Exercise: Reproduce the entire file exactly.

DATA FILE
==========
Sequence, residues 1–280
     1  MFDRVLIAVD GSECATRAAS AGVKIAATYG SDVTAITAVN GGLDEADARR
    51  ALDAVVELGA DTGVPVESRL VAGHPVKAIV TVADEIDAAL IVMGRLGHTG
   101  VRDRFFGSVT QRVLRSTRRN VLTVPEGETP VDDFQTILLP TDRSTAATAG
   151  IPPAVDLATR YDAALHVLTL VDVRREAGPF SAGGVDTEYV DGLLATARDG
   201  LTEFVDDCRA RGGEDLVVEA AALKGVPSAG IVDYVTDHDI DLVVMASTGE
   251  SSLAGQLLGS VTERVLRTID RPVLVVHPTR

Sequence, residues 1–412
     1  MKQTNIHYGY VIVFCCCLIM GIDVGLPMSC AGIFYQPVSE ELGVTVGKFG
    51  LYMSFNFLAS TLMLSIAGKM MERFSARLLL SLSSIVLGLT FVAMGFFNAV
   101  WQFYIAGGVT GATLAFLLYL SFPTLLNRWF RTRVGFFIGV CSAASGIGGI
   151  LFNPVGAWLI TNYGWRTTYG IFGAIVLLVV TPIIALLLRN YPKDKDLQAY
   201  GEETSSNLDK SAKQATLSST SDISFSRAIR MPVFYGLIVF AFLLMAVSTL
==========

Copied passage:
Sequence, residues 1–280
     1  MFDRVLIAVD GSECATRAAS AGVKIAATYG SDVTAITAVN GGLDEADARR
    51  ALDAVVELGA DTGVPVESRL VAGHPVKAIV TVADEIDAAL IVMGRLGHTG
   101  VRDRFFGSVT QRVLRSTRRN VLTVPEGETP VDDFQTILLP TDRSTAATAG
   151  IPPAVDLATR YDAALHVLTL VDVRREAGPF SAGGVDTEYV DGLLATARDG
   201  LTEFVDDCRA RGGEDLVVEA AALKGVPSAG IVDYVTDHDI DLVVMASTGE
   251  SSLAGQLLGS VTERVLRTID RPVLVVHPTR

Sequence, residues 1–412
     1  MKQTNIHYGY VIVFCCCLIM GIDVGLPMSC AGIFYQPVSE ELGVTVGKFG
    51  LYMSFNFLAS TLMLSIAGKM MERFSARLLL SLSSIVLGLT FVAMGFFNAV
   101  WQFYIAGGVT GATLAFLLYL SFPTLLNRWF RTRVGFFIGV CSAASGIGGI
   151  LFNPVGAWLI TNYGWRTTYG IFGAIVLLVV TPIIALLLRN YPKDKDLQAY
   201  GEETSSNLDK SAKQATLSST SDISFSRAIR MPVFYGLIVF AFLLMAVSTL